The Times of India interviews the Karmapa Lama, the young, Tibetan monk who now lives in exile in Dharamsala. As the most senior Tibetan lama to be recognized by both China and Tibetans-in-exile, the Karmapa is viewed by many as a potential future leader for Tibetan Buddhists:
But as the only senior Tibetan Buddhist monk to be recognized by both the Chinese and the Dalai Lama, many say you could be the hinge on which relations between Tibetans and China swing in a new direction? But you sound very angry with Beijing?
No, it’s not that I have any anger or aversion to the Chinese whatsoever. Since I am a Dharma practitioner, I try to maintain impartiality and be free from excessive attachment to my own side and aversion to and hatred of others. In terms of where my own interests lie, I’m very passionate about supporting the middle path that has been articulated by His Holiness the Dalai Lama. In His Holiness’s vision of this middle path, there is great benefit for the people of Tibet and also great benefit for the people of China.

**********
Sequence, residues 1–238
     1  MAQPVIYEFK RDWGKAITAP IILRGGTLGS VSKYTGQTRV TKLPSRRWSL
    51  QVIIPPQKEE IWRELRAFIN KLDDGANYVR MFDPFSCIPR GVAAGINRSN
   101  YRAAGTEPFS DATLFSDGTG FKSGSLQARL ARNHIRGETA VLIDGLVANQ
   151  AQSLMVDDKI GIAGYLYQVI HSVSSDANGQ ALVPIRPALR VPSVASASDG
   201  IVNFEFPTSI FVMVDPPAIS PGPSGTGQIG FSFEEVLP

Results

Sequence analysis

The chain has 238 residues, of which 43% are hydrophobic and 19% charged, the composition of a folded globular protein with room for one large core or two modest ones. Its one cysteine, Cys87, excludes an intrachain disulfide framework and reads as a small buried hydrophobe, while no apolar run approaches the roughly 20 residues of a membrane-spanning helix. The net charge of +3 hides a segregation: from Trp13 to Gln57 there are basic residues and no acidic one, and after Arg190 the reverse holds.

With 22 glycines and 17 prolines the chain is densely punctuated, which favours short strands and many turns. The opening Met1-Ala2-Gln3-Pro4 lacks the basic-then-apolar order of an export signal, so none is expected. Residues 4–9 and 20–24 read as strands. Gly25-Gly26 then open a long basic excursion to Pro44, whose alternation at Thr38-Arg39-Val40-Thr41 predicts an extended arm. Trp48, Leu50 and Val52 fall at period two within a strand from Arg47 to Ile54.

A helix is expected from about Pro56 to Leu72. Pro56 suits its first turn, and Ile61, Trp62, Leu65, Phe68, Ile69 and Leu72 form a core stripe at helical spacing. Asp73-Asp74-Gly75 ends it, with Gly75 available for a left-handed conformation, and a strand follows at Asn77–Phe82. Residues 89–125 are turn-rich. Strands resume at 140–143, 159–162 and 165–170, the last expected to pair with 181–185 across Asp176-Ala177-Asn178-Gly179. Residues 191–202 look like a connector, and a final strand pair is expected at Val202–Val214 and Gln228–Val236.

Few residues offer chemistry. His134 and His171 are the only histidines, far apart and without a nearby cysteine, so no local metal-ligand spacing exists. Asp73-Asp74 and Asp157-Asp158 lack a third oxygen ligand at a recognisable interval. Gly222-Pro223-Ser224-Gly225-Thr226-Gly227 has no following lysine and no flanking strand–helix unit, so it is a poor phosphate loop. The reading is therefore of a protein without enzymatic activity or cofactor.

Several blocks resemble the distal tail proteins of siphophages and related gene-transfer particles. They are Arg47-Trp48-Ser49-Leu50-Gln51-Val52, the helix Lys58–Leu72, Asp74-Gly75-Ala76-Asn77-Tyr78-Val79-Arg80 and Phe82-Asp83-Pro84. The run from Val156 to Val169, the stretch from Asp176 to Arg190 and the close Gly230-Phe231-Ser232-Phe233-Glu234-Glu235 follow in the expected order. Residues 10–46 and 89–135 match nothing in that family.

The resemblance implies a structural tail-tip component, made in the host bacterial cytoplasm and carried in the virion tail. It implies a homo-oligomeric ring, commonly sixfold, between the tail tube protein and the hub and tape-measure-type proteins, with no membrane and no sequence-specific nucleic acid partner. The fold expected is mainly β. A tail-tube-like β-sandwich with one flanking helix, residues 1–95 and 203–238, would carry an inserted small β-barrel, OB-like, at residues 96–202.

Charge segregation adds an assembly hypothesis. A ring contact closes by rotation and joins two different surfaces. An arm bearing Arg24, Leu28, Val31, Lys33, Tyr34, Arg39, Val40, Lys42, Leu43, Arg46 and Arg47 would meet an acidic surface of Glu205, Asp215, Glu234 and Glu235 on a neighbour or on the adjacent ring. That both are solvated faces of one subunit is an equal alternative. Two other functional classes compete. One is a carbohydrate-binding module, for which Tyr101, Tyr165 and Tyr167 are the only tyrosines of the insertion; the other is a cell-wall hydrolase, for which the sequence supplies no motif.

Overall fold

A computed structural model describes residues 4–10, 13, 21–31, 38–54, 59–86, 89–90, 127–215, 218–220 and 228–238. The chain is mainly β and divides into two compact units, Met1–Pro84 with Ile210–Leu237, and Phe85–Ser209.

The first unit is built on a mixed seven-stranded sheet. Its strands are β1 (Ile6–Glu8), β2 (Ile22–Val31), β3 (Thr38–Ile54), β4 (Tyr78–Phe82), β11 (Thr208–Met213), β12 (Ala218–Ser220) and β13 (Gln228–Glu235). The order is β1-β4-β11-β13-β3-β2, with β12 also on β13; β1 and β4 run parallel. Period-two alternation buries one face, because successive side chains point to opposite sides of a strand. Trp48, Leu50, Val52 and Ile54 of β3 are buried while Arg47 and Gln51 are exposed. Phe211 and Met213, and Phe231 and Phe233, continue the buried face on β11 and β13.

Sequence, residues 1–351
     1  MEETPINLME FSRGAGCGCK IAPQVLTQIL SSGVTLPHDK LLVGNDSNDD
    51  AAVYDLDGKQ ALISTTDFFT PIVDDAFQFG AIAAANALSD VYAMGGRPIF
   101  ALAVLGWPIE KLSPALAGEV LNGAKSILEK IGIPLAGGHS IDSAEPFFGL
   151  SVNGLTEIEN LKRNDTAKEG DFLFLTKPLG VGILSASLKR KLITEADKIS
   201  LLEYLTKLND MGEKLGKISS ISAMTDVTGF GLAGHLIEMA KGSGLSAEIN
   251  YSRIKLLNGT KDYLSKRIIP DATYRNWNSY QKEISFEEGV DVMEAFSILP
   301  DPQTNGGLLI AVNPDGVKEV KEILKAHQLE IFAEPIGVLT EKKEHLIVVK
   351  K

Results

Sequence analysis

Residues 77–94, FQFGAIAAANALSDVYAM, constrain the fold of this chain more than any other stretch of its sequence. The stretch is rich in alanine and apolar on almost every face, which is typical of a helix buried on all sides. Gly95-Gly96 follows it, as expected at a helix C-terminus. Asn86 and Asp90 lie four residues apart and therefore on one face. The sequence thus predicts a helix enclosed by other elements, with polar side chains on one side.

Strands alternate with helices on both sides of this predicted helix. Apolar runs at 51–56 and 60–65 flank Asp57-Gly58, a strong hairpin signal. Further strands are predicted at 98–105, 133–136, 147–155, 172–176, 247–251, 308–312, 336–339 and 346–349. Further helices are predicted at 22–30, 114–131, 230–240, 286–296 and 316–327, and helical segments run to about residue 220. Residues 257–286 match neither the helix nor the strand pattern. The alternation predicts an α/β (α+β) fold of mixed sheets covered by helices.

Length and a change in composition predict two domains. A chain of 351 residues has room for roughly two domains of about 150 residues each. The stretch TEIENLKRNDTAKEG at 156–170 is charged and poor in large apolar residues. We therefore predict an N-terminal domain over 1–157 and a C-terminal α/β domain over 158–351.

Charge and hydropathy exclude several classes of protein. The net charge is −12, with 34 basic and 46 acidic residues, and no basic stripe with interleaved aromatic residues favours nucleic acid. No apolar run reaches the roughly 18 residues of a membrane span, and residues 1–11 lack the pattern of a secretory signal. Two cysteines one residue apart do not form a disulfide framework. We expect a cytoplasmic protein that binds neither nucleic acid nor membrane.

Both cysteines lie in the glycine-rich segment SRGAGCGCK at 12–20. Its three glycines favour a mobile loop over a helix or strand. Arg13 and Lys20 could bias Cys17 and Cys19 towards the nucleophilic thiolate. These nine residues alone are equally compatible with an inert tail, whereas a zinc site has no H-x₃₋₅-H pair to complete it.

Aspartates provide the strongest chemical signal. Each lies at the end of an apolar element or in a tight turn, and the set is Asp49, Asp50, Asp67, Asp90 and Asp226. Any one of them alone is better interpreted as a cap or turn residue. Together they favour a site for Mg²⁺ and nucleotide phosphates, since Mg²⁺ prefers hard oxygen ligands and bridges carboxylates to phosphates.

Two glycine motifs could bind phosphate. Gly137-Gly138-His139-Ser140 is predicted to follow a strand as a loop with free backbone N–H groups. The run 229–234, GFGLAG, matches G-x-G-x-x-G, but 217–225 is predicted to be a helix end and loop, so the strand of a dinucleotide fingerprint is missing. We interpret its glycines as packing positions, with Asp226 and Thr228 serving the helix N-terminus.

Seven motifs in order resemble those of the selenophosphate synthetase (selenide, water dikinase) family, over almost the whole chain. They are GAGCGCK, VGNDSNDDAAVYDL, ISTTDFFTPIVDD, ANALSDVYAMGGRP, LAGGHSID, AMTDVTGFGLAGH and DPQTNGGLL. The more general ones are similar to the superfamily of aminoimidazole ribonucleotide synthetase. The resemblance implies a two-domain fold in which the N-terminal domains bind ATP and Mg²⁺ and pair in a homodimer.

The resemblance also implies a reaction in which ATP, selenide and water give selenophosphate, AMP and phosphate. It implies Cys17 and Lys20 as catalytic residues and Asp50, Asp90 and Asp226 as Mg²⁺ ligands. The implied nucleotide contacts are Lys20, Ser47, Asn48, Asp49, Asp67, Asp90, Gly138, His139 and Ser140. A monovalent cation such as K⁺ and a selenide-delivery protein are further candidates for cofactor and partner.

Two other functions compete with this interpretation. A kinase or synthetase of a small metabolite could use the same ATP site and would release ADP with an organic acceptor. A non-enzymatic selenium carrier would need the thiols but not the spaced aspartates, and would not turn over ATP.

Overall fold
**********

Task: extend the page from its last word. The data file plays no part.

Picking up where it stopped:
If we follow the middle path, both the government of China and the people of Tibet will be benefited. This vision is something that about 90% of Tibetans support – the vast majority of Tibetans. I simply consider myself one of those Tibetans whose responsibility it is to further the cause of the people. Now in terms of specific opportunities that might arise from me to serve this vision, I’m not so sure.
Right now, the government-in-exile of Tibet has been engaging Beijing in dialogue but perhaps the dialogue hasn’t always been fruitful. So, we have to wait and see what kind of opportunities arise.